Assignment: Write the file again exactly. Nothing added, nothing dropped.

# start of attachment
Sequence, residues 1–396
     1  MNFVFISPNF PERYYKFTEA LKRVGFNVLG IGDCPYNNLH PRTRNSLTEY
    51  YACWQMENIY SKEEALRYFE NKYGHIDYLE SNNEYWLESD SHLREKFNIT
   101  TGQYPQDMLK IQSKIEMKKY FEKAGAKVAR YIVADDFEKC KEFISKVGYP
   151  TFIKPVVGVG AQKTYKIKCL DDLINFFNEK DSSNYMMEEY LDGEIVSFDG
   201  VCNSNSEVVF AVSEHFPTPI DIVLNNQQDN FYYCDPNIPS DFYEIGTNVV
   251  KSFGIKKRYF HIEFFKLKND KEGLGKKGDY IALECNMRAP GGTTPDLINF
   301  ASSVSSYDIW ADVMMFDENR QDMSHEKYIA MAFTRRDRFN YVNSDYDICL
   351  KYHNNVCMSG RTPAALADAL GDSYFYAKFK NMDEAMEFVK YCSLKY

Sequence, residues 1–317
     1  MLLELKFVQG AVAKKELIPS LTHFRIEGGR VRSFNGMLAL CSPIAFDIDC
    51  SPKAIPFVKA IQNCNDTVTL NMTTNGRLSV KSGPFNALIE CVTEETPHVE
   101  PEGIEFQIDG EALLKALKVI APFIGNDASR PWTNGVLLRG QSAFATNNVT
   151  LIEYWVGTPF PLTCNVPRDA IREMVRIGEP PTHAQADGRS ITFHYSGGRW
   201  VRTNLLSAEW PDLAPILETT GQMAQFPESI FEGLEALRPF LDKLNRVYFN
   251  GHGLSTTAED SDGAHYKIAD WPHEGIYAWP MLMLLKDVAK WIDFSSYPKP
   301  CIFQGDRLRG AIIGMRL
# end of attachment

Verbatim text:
Sequence, residues 1–396
     1  MNFVFISPNF PERYYKFTEA LKRVGFNVLG IGDCPYNNLH PRTRNSLTEY
    51  YACWQMENIY SKEEALRYFE NKYGHIDYLE SNNEYWLESD SHLREKFNIT
   101  TGQYPQDMLK IQSKIEMKKY FEKAGAKVAR YIVADDFEKC KEFISKVGYP
   151  TFIKPVVGVG AQKTYKIKCL DDLINFFNEK DSSNYMMEEY LDGEIVSFDG
   201  VCNSNSEVVF AVSEHFPTPI DIVLNNQQDN FYYCDPNIPS DFYEIGTNVV
   251  KSFGIKKRYF HIEFFKLKND KEGLGKKGDY IALECNMRAP GGTTPDLINF
   301  ASSVSSYDIW ADVMMFDENR QDMSHEKYIA MAFTRRDRFN YVNSDYDICL
   351  KYHNNVCMSG RTPAALADAL GDSYFYAKFK NMDEAMEFVK YCSLKY

Sequence, residues 1–317
     1  MLLELKFVQG AVAKKELIPS LTHFRIEGGR VRSFNGMLAL CSPIAFDIDC
    51  SPKAIPFVKA IQNCNDTVTL NMTTNGRLSV KSGPFNALIE CVTEETPHVE
   101  PEGIEFQIDG EALLKALKVI APFIGNDASR PWTNGVLLRG QSAFATNNVT
   151  LIEYWVGTPF PLTCNVPRDA IREMVRIGEP PTHAQADGRS ITFHYSGGRW
   201  VRTNLLSAEW PDLAPILETT GQMAQFPESI FEGLEALRPF LDKLNRVYFN
   251  GHGLSTTAED SDGAHYKIAD WPHEGIYAWP MLMLLKDVAK WIDFSSYPKP
   301  CIFQGDRLRG AIIGMRL